The new vocational college of the diocese of Cologne unites former three separate schools for nursery and caretaking professions under one roof. The center of the building forms a four-storey light-flooded hall surrounded by undulating galleries on different levels. The hall is a foyer, meeting place and event space at the same time. A wide perron in its center, which also serves as seating and tribune for events and plays in the atrium, leads to the first floor and from there via a cascade-like flights of stairs to the upper floors.
The color and material palette is calm and reserved. Stair strings and door frames cladded with fine line panels, screed flooring, acoustic ceilings and railings are subtlely modulated with the appearance of the exposed concrete surfaces. A wide spanning roof of white and transparent ETFE-cushions provides richly daylight and sun screening at the same time. In the three main staircases the artwork “In Motion” by Volker Saul, an abstraction of moving legs, creates colourful vivid accents.
From the outside the building represents itself as a monolithic polygonal shape which responds sensitively to the existing urban fabric. Forming an edge towards the main road in the north and the eastern side street the college wraps on its inner side around the church “Johannes XXIII”, a brutalistic icon of 1964. By this gentle step back it creates a central plaza for the students as well for the congregants and employees of the neighbored church administration. From here the main entrance as large opening carve out in exposed concrete is accessed. The façade itself with its slim green-greyish danish brick takes reference to the materialization of its built environment.
This new vocational college in Cologne features an inspired four storey light flooded hall surrounded by undulating galleries at different levels. The colours and material palette used throughout are calm and reserved,with stair stringers and doors framed with fine line panels, screed flooring and a subtly modulated acoustic ceiling with the appearance of an exposed concrete surface.
The acoustic ceiling here comes from Knauf AMF, who produced nearly 8000 m2 of HERADESIGN superfine A2 ceiling tiles for the design. Made from a 1-layer, non-combustible, magnesite bonded wood wool acoustic tile, the natural texture of the wood remains visible.
A particularly important aspect of the design is the exact integration of the curved floor line at the perimeter of the tiles, including the LED light strips. Lighting specialists LichtKUnstLIcht AG worked closely with the tiles manufacturer and installer to ensure the best possible integration of lights and LED strips.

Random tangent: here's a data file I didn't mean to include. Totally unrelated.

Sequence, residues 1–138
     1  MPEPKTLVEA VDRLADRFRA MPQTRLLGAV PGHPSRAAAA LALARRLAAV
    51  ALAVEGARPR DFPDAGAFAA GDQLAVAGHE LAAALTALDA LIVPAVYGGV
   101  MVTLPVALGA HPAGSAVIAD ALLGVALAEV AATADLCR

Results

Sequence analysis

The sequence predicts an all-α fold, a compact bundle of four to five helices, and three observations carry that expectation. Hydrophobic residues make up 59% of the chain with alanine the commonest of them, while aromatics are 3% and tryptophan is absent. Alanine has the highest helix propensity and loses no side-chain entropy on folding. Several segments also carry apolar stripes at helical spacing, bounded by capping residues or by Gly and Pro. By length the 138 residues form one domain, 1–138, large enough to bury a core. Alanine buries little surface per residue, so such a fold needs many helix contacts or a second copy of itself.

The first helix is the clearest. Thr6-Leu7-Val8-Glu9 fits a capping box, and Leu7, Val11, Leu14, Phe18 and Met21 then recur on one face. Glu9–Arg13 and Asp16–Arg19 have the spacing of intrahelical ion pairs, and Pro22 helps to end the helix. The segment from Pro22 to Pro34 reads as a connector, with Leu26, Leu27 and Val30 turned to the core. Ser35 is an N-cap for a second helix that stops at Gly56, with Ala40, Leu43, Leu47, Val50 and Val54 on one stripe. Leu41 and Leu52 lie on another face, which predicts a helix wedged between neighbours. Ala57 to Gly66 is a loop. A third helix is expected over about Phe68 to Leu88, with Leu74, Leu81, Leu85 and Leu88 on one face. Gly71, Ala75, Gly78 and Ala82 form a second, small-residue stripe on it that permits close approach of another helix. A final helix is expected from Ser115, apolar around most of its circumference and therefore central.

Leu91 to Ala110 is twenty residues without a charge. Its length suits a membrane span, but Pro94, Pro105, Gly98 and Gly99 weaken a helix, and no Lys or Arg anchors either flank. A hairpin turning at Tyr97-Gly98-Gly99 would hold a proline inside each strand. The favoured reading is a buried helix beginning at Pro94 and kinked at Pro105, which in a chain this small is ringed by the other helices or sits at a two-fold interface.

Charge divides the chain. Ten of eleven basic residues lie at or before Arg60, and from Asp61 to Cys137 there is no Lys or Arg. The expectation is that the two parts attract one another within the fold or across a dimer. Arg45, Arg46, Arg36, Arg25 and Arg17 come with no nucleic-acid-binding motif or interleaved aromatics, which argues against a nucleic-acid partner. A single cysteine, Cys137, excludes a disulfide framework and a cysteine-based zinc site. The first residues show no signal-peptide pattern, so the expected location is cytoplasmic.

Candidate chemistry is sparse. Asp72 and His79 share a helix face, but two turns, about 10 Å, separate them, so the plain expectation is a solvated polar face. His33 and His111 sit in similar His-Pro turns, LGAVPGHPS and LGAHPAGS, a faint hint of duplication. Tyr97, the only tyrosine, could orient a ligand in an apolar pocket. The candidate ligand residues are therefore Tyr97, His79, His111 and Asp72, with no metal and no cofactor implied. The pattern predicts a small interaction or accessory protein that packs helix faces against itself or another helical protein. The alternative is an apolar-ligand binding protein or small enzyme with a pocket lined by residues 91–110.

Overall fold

The tiles were produced in defined dimensions at Knauf AMF’s Austrian plant in Ferndorf and then manually cut on site by specialist contractor Wildorf GmbH (Hillesheim)
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The Erzbischöfliche Berufskolleg in Cologne, completed in 2016, is one of the most impressive new educational buildings of recent times in North Rhine-Westphalia. The teaching and learning concepts are as interesting as the interior design and the dimensions of the complex. For this project, Knauf AMF delivered nearly 8000 m² of HERADESIGN® superfine A2 ceiling tiles.
The Erzbischöfliche Berufskolleg, according to its own figures, educates around 1100 youths for a variety of vocations in the social and healthcare sectors. Originally four different schools, since the end of the nineties a collective vocational college has slowly been established under the archbishopric in Cologne. On 30th June 2016, a collective building was constructed in the Sülz district on the corner of Berrenrather Street/Universitäts Street that was “specially built for us and is state-of-the-art in all areas”, as formulated by Headmistress Andrea Born-Mordenti.
The architecture and interior design of the building was the responsibility of 3pass (Cologne) and Keggenhoff & Partner (Arnsberg) who created an educational space for lively teaching and learning processes. The concept states: The training and further education of social and remedial professionals in vocational and study-related courses of education requires ‘to be on the move’ and a change of perspective in various relationship systems.” What this means for the language of the design can be best experienced by entering the large, open atrium. It is dominated by a wide, open staircase, curved floors and a transparent roof allowing daylight to flood in and providing an airy atmosphere.